A humpback whale who spent two weeks lounging around Alameda — earning the nickname Allie — appeared to have crossed the Bay Monday and was spotted in Islais Creek Channel, near the industrial part of Dogpatch in San Francisco.
Whale enthusiasts and marine biologists have both been concerned for the whale, who appeared possibly malnourished and also to have a skin condition, though she put on a show for weeks, breaching in fine form with the backdrop of the SF city skyline.
Local photographer Susie Kelly captured an image for the ages when a massive humpback whale breached in the San Francisco Bay near Alameda.— San Francisco Chronicle (@sfchronicle) June 17, 2019
But the whale, nicknamed Allie, has marine biologists worried. Read more: https://t.co/lr4R5snsQi pic.twitter.com/2z253rHCUD
A humpback whale nicknamed Allie that has become an unusual presence in the San Francisco Bay may be ill, biologists say. Officials say the whale appears underweight with poor skin condition. https://t.co/pv62dOkn3s— AP West Region (@APWestRegion) June 17, 2019
Allie retreated into a relatively shallow and remote part of the Bay, possibly to rest, and spent days swimming around near the U.S.S. Hornet near Alameda, and breaching frequently.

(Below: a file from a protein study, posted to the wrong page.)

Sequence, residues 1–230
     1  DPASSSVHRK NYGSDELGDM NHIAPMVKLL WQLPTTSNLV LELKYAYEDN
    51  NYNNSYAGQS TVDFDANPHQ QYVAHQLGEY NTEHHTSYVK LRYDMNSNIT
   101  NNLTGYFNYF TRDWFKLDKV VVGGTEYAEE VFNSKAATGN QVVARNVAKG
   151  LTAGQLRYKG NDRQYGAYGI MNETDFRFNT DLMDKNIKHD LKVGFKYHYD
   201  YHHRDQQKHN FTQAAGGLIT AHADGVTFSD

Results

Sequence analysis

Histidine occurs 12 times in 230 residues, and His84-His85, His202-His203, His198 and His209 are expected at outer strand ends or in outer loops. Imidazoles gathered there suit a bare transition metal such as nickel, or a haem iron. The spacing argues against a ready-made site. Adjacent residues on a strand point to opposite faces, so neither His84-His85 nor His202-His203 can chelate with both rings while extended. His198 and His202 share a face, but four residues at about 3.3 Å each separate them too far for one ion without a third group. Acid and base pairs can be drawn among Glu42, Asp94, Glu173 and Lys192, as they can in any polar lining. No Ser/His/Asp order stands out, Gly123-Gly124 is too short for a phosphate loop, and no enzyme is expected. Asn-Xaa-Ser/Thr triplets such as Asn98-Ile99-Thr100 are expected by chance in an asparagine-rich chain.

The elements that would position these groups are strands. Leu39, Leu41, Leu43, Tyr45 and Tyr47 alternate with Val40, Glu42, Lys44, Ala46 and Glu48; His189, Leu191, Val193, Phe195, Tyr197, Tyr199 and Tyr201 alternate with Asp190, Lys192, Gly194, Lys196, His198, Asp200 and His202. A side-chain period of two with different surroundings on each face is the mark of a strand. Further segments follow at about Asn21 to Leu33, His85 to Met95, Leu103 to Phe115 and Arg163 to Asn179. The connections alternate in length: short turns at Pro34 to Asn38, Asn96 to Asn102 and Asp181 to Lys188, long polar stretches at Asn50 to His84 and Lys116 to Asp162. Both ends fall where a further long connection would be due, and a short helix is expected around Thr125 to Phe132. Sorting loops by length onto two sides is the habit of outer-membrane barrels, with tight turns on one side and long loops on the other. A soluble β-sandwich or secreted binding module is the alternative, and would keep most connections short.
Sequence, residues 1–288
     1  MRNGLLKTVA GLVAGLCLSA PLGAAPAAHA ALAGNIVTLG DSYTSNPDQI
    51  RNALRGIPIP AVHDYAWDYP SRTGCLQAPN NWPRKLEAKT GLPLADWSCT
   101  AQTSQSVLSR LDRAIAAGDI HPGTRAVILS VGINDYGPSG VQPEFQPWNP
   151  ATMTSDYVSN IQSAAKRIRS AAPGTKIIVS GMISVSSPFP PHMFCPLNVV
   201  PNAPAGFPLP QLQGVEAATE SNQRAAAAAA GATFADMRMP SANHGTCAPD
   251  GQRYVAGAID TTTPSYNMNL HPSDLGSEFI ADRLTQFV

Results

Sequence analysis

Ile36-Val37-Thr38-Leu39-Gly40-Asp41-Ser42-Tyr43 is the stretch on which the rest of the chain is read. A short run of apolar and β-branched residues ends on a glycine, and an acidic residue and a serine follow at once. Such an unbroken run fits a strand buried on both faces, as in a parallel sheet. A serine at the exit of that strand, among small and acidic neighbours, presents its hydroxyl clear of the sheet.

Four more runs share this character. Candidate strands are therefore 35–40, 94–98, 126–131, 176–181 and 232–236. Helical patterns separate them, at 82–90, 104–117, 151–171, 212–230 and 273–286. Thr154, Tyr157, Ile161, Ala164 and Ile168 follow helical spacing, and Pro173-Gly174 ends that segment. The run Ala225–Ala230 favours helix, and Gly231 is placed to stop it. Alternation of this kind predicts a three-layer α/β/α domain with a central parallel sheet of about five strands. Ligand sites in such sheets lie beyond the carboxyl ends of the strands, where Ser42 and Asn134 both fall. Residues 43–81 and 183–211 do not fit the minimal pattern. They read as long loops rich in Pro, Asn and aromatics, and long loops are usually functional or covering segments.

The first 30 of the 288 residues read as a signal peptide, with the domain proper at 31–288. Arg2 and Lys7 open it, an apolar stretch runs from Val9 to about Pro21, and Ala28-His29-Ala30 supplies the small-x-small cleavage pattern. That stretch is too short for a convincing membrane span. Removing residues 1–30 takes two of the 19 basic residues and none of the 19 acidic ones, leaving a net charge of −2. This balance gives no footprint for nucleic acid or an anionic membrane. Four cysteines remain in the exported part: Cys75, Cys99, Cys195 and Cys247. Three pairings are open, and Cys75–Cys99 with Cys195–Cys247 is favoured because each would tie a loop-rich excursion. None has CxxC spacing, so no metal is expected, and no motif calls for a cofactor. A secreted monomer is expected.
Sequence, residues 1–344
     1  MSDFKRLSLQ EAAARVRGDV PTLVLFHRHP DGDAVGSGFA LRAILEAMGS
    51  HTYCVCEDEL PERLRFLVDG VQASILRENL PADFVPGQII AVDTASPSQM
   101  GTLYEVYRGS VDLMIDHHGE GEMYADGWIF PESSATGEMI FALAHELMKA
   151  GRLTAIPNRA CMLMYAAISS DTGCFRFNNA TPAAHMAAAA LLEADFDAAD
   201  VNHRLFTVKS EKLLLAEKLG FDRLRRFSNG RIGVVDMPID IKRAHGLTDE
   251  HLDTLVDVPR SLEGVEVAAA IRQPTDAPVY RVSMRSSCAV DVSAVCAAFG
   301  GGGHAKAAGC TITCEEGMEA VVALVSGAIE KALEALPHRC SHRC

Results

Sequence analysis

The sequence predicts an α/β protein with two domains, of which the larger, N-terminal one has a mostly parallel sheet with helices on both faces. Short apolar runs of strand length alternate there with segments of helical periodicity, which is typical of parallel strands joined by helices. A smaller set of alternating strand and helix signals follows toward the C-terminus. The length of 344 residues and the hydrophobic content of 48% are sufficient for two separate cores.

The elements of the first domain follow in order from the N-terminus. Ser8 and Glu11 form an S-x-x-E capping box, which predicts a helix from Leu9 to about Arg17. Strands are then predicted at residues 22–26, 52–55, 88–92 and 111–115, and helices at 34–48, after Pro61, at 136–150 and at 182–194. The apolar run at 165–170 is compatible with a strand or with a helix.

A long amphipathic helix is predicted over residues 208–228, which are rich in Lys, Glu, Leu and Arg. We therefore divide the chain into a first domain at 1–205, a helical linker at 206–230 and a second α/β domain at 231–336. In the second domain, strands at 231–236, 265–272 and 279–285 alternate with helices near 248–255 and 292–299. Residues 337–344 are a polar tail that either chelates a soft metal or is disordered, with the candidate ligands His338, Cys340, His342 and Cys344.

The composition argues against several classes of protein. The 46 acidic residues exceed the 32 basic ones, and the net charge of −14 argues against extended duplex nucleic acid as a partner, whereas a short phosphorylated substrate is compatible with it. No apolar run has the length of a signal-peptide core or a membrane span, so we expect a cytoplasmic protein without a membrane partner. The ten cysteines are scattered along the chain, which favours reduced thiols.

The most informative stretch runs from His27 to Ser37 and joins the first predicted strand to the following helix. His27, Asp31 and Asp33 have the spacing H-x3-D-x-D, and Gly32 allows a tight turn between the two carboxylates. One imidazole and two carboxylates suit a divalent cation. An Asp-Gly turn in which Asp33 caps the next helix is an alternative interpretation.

The skin condition could have been due to a lack of blubber, caused by malnutrition, and it's unclear whether the whale had found a food source nearby or not. As the Chronicle reports, whale watchers returned day after day to the Alameda lagoon to see Allie, and even a "prayer circle" was held to pray for her improved health.
But then on Saturday she was spotted closer to Dogpatch in San Francisco, or at least biologists with the Marine Mammal Center think it's the same whale. As CBS SF reports, the whale may be on the move because her health is improving, and she appeared to look healthier as well.
KRON 4 seems to believe Allie was already headed out to the Pacific on Monday, though that seems unclear.
Humpback whales should be on their migration to Alaska at this time of year, and Allie's health issues aren't necessarily connected to the pattern of gray whale deaths that have been seen along the Pacific coast this year. As the Chronicle explains:
Gray whales feed by scooping up mud and siphoning out tiny arthropods found mostly in shallow Arctic waters. Humpbacks, on the other hand, can go into deep water to eat krill and come into shallow water to consume small fish like anchovies, both found in abundance along the coast of San Francisco and Monterey Bay.
Experts say that both humpback and gray whales have seen their populations recover to historic, pre-20th Century levels, which has led to their seeking out food sources in places on their migration route that they perhaps didn't venture into before. Humpbacks have been sighted in and around the Bay and the Golden Gate frequently in the spring for the last three or four years.
Previously: It's Officially Whale-Spotting Season In San Francisco Bay